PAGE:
The ABC TV show ‘Hungry Beast‘ recently showed that 80% – four out of every five – of the Australian population believe that some form of Australian Internet Filter (aka ‘Clean Feed’) isn’t necessarily a bad thing. The issue which the majority of Australians would seem to agree upon is that the silent suppression of material, unique to the CleanFeed project, when compared to the ‘normal’ government censorship method is particularly vomit inducing. The ‘net filter argument is over. It’s opponents have completely and utterly failed to adequately communicate or convince the general population, who don’t care that they cannot buy Baise-moi or Ken Park at JB Hifi, that they are wrong. The population are the people who don’t want their 12-year-old (a reasonable age for an unattended youngster to stroll through the DVD counter at JB) stumbling on to Baise, Park or similar on the internet either. I suspect the population realises that anyone wanting to buy those videos will find a way, just as anyone wishing to see them online in a ‘Clean Feed’ environment will find a way. And by and large, Australia’s citizens seem to be happy with that. To argue against this is akin to pushing it uphill.

Yet there are many who continue to tilt at the windmill (and there’s more than just that one group) about the filter, or ‘online censorship’, who seem more than happy to stay silent on the issues surrounding section 191 of Tasmania’s Electoral Act. This act seeks to restrict freedom of speech during a Tasmanian election campaign to degrees higher than of both before the Internet arrived as well as to a different standard than of other means of publication (newspapers, etc.). Clean Feed is merely a proposal, 191’s been in force for six years. Search for items on the recent attempts to bring similar legislation in to South Australia? Lots of returns. But I’ll be danged if I can find any reference on EFA, or elsewhere, to anything resembling organised complaints against 191 from the same (or similar) organisations. The only reasonable reference I’ve heard of recently was ABC Tasmania Statewide Morning‘s host Tim Cox interviewing the Tasmanian Electoral Commissioner. The only useful advice I got from that interview? During a Tasmanian Election, get a lawyer before operating a blog, publishing a comment or tweet or anything online because the Commissioner doesn’t understand the law either as there’s no precedents. The silence from ‘big islanders’ on this would lead a reasonable person to believe we’re in entirely different countries (insert prejudicial comments here about Tasmanian people to instantly disqualify yourself from any attempt at reasoned debate). [edit: I might just mention that I suspect certain provisions of 191 are unconstitutional, anyway]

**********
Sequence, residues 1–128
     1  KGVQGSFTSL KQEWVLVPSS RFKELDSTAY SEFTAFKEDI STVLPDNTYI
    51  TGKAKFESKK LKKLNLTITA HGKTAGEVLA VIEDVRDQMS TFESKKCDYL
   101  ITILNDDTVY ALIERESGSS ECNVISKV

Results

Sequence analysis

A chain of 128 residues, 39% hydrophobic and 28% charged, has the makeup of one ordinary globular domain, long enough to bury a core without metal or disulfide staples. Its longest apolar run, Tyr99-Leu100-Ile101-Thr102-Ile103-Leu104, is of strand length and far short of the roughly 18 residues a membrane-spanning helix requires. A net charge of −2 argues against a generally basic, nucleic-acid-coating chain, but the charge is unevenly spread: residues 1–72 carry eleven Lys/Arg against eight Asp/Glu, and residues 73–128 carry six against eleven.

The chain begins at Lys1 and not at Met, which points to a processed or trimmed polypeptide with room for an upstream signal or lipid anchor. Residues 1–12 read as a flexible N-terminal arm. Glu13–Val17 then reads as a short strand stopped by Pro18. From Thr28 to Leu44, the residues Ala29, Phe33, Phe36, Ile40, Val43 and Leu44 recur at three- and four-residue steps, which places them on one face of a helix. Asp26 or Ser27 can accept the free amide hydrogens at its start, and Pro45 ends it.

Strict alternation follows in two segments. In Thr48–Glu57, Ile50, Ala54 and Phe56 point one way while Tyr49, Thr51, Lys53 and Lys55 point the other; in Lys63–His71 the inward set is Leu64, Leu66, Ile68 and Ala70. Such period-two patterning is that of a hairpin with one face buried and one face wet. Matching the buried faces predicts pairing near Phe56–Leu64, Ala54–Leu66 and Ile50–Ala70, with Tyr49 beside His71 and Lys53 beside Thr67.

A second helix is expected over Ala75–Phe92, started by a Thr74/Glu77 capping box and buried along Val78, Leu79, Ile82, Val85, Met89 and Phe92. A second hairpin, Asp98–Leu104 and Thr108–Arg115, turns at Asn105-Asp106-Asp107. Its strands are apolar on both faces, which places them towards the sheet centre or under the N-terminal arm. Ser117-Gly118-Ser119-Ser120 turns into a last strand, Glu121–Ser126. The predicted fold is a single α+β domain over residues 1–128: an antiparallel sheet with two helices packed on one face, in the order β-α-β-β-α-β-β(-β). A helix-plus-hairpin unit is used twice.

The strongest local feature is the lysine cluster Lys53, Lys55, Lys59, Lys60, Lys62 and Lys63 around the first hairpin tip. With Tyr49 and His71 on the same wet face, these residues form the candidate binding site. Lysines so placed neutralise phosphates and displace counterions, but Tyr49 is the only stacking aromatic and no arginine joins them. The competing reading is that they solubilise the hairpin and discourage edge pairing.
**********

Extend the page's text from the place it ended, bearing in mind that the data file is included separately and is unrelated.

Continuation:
The ‘No Clean Feed’ movement seem so incensed because sometime in the future they will not be able to receive via internet that which they can’t now buy over the counter – imagine how shocking it’d have been to live 25 years ago, how deprived they were  because there was no internet –  that they’re happy to ignore, or continually stay silent about, around half a million fellow Australians. Many were deeply upset when news came to light about the new South Australia’s laws, yet why the silence about Tasmania? The simplest conclusion one can reach is the bigoted prejudices about this state.

It follows from this conclusion that there are many participants in the ‘No Clean Feed’ fight, up to and including the nominal leaders, who seemingly are in it merely so they may serve their own navel gazing masturbatory political and financial agendas. What’s galling is that in No Clean Feed’s own lack of outrage or protest about 191, it shows them to be a shallow self-absorbed crowd. And maybe that’s where the real base of the 80% approval comes from. The general population of this country don’t really object to some form of censorship and believe, either consciously or subconsciously, that some amount of NoCleanFeeders are a bunch of hypocritical loons who are in it for political point scoring or financial advantage and not on a matter of principle or informed debate that they really give a damn about.

Thanks to the second verse of the Australian national anthem, many of us are intrinsically aware from an early age that hypocrisy is the greatest luxury. It’s with a heavy heart that I declare that I believe the current NoCleanFeed fight and it’s leaders are both fundamentally and fatally flawed and in need of chronic hosing down before they truly mess it up for those who genuinely care.

Disclaimer: The author is a Tasmanian resident who will soon be directly subject to Section 191’s clauses, in all it’s horrors.

[edit: 16 Feb 2010, grammar]

Read Full Post »